The Air Force has come a ways in reforming recruit training since sex-abuse scandals rocked the service’s boot camp at Joint Base San Antonio-Lackland. And it is now making equally important strides with recruiters.
An Express-News article by Sig Christenson on Monday shed some light on the Air Force’s revamped training program for recruiters — Inspire, Dissuade, Detect, Deter and Hold Accountable, also known as ID3A.
It was bad enough when sexual abuse occurred during boot camp, where trainers occupied particularly powerful positions over vulnerable recruits. But recruiters also occupy a position of power, dictating whether an eager potential recruit can get in and under what circumstances.
One of the most important changes came in who could become recruiters. Air Force personnel used to volunteer for the duty. Now, they are chosen by commanders worldwide and are thoroughly vetted.
The revamped program emphasizes the service’s core values — integrity, excellence and service before self. And lines have been drawn.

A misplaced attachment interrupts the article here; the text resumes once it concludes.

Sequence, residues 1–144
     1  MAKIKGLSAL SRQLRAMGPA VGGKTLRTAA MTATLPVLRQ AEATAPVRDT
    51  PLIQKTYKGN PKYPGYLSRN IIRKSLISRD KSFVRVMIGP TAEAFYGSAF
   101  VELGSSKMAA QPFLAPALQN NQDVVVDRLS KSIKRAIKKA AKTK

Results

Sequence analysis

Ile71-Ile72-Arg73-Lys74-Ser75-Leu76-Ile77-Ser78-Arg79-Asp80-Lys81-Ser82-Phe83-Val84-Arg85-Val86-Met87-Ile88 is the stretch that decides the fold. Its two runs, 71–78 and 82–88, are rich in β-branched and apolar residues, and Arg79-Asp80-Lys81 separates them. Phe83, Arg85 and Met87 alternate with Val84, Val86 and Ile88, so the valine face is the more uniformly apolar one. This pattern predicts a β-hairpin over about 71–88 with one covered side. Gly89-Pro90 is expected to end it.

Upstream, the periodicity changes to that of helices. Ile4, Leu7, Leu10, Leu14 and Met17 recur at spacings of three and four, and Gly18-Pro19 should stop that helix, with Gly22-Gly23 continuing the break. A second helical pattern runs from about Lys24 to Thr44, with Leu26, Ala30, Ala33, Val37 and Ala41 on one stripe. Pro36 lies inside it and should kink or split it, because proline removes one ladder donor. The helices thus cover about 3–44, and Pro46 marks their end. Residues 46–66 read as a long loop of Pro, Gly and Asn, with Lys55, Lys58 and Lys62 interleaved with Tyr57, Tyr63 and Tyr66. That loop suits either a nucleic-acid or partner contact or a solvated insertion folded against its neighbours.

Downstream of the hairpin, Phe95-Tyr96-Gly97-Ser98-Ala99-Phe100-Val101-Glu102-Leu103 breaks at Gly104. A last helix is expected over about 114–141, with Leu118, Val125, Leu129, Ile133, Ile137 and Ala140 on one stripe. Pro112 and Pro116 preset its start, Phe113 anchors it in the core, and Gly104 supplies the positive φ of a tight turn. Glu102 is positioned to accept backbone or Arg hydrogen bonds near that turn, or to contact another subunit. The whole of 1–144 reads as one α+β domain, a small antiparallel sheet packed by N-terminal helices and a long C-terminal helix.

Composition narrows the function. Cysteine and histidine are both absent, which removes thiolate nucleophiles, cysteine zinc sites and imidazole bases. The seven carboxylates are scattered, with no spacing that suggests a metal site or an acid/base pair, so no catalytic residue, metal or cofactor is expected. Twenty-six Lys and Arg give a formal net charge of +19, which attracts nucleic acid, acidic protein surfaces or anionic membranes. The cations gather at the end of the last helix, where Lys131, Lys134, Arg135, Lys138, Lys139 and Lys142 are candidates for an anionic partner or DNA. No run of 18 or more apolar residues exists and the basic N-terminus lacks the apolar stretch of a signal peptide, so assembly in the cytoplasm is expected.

There are now strict prohibitions on personal and social contacts with potential recruits. And applicants have been empowered to report inappropriate contact.
At least one task remains. It is, however, in Congress’ court. Congress earlier this year reformed much of how the military handles sexual assaults.
Commanders can no longer overturn convictions on sexual assaults. Victims now get their own lawyers to defend them against a system that seemed to re-victimize them. And civilian review is now required if a commander vetoes a prosecutor’s wish to go to trial.
While these are improvements, what’s significantly left undone is taking away such decisions away from commanders altogether and placing them with experts in the legal process.
The Senate rejected this measure by New York Democrat Sen. Kirsten Gillibrand. It should revisit the issue.
— San Antonio (Texas) Express-News